The contributors to Ericsson’s opinion on this topic are Gergely Matefi and Michael Stief.

Gergely Matefi

Gergely Matefi
Is a system architect at Security Solutions within Business Area Emerging Business. He has gained 18 years of experience at Ericsson ranging from packet QoS, media processing, over-the-air synchronization and cloud technologies, through his various system architecture design, technology exploration and standardization assignments. In his current position, he is responsible for the evolution of telecom security analytics architecture. His focus is on end-to-end automation of threat detection and mitigation loops. Matefi holds an M.Sc. in information technology from Budapest University of Technology and Economics, Hungary.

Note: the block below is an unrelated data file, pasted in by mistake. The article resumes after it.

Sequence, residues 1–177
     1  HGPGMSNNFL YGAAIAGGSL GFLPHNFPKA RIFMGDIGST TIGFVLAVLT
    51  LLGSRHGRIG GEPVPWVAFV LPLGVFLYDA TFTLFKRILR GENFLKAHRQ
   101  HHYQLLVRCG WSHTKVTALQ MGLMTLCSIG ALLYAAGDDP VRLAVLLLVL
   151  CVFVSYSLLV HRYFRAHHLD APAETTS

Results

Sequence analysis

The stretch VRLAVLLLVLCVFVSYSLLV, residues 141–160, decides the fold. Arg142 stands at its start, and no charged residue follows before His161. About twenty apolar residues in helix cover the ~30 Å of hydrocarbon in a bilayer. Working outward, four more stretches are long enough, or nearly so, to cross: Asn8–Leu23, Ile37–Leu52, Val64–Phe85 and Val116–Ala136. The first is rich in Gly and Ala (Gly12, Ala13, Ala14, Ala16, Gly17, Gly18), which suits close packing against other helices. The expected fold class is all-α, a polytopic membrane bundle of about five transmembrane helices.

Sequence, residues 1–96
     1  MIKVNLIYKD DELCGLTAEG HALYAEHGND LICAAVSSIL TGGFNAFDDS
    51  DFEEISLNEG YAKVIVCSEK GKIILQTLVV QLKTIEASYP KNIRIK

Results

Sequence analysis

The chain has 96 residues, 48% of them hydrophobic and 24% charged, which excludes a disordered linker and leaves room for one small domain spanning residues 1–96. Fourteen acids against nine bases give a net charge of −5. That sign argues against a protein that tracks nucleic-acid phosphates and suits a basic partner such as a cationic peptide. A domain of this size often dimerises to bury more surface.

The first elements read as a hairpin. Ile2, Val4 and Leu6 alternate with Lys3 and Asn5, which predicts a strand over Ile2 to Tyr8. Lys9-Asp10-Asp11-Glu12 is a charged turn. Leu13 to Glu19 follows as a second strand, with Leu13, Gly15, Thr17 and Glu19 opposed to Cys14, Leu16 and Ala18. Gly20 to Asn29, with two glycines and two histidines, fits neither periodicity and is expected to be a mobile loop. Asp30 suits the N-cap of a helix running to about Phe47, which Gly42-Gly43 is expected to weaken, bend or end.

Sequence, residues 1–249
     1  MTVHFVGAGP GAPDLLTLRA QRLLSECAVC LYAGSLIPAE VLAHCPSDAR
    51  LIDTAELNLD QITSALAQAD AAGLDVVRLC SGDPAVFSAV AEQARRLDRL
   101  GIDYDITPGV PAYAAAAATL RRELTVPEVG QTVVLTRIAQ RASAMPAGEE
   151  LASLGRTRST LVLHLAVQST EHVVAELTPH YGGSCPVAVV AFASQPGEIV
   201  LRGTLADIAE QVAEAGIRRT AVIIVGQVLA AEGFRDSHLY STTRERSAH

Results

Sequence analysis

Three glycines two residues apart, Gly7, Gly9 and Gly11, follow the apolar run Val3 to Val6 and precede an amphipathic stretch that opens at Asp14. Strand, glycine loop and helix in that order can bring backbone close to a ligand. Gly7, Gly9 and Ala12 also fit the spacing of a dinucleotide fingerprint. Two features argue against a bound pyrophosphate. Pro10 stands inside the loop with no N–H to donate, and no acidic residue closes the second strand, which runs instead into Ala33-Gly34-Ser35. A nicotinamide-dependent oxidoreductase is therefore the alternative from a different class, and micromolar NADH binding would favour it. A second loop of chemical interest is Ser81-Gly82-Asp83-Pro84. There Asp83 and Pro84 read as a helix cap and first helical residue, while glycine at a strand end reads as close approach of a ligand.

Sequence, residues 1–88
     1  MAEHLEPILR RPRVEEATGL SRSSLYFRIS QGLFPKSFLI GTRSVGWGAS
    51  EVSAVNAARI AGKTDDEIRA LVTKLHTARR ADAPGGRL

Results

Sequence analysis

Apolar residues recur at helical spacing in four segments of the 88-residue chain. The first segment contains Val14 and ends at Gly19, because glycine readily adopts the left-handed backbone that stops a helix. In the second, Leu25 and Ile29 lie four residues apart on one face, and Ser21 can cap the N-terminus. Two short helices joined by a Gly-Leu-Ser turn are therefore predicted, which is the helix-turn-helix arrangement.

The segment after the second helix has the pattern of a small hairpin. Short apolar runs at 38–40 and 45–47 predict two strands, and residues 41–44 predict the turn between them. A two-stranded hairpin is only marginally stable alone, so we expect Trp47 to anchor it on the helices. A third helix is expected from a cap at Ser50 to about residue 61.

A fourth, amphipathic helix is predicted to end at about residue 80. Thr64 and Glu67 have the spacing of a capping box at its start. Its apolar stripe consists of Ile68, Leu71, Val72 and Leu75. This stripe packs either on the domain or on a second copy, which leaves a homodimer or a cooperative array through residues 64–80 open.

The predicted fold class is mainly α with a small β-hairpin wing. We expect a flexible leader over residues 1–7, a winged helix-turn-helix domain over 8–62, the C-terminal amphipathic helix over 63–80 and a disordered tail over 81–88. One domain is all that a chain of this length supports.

Michael Stief

Michael Stief
joined Ericsson in 1994 and has worked with system management and product management assignments for various wireless and wireline circuit switched applications over the years. He is currently working as technical product manager for signaling within Product Line Communication Services, where he is technically responsible for Diameter, SS7 and SIP signaling products, including Diameter Signaling Controller (DSC) and IP-Signaling Transfer Point (IP-STP). Stief graduated from the Technical University of Dortmund, Germany with a degree in electronic engineering.